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Ali Sherief
Ali Sherief

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How to use Sass

When you get started in web development, like me, you look at other people's web projects and at some point you must have noticed an assets/ folder with a sass/ subfolder in it. That folder contains all the Sass files. You must have also noticed a css/ subfolder, containing one giant CSS file. And also like me, you must've been like "OK, well how did the developers manage to put all their CSS in this file?"

The answer is: they don't. They compile down the whole Sass folder into a CSS file using a command line tool. Which brings me to what Sass is. But first, here's how you actually use Sass.

Quick answers

To install Sass (requires Node.js and npm)

npm install -g sass
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To compile a single Sass file to CSS:

sass file.sass file.css
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To compile an entire directory of Sass files to a CSS file in its own folder:

sass path/to/sass/folder:path/to/result/css/folder
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The --watch option to sass will continuously monitor the input files and compile them if they have changed.

What is Sass?

Sass is a preprocessor for CSS. You can write normal CSS in it while also gaining access to individual variables, and reusable CSS blocks called mixins, made with @mixin. This singlehandedly is the biggest advantage of using a CSS preprocessor over writing the CSS file directly. Instead of typing the same blocks in different places it is now possible to write them once, and include them into CSS using @include.

An @ with words after them, like @mixin and @include, is called a rule.

Variables are declared and used with a dollar sign in front of them like this:

$font-stack:    Helvetica, sans-serif;
$primary-color: #333;

body {
  font: 100% $font-stack;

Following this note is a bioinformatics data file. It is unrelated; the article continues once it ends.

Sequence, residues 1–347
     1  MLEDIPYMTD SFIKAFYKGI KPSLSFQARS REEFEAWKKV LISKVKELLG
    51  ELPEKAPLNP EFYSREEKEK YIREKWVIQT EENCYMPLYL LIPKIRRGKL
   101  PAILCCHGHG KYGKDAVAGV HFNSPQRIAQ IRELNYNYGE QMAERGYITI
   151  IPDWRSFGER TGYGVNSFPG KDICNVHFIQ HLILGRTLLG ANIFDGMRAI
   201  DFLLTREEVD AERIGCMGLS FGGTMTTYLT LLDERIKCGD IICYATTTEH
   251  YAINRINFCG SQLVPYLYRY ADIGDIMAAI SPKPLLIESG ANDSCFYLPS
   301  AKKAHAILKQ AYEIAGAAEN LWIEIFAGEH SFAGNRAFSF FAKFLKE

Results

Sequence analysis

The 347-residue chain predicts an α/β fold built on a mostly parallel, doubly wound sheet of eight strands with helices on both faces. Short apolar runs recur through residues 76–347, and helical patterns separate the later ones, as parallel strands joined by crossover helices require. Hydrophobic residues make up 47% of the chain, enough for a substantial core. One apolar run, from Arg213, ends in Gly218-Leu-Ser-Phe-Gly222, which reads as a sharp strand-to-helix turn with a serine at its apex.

color: $primary-color;
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Blocks of CSS aren't stored in variables, they are stored in mixins like so:

@mixin transform($property) {
  -webkit-transform: $property;
  -ms-transform: $property;
  transform: $property;
.box { @include transform(rotate(30deg)); }
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The box class now has all the properties listed in the transform($property) mixin.

In Sass, you can nest CSS elements in other CSS elements using brackets. It's good for organizing your files.

And to put your Sass in different files and include them in your other Sass files, you can use the @use rule: @use 'filename-without-extension';. These files that are being included are called modules, and have a leading underscore _ in their filenames. The leading underscore is not included in the @use rule.

Whole directories of Sass files can be included using @import.

    Sass has support for comments.

// Importing a path
@import 'some/path';

// Importing a CSS file
@import 'font-awesome.min.css';

// Import an external resource, such as a font
@import url(',300,400,500,600');
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And we're done

If you see any incorrect information here, please let me know so I can amend it. Thanks.

Image by garageband from Pixabay

Top comments (2)

zenulabidin profile image
Ali Sherief

Not exactly everyone. People new to web development know next to nothing about css, let alone sass, so I just wanted to clarify what that was all about in the article, and they were my intended audience for this post.

anzelika profile image

Just what I needed! Thanks for putting this down in an easily digestible way!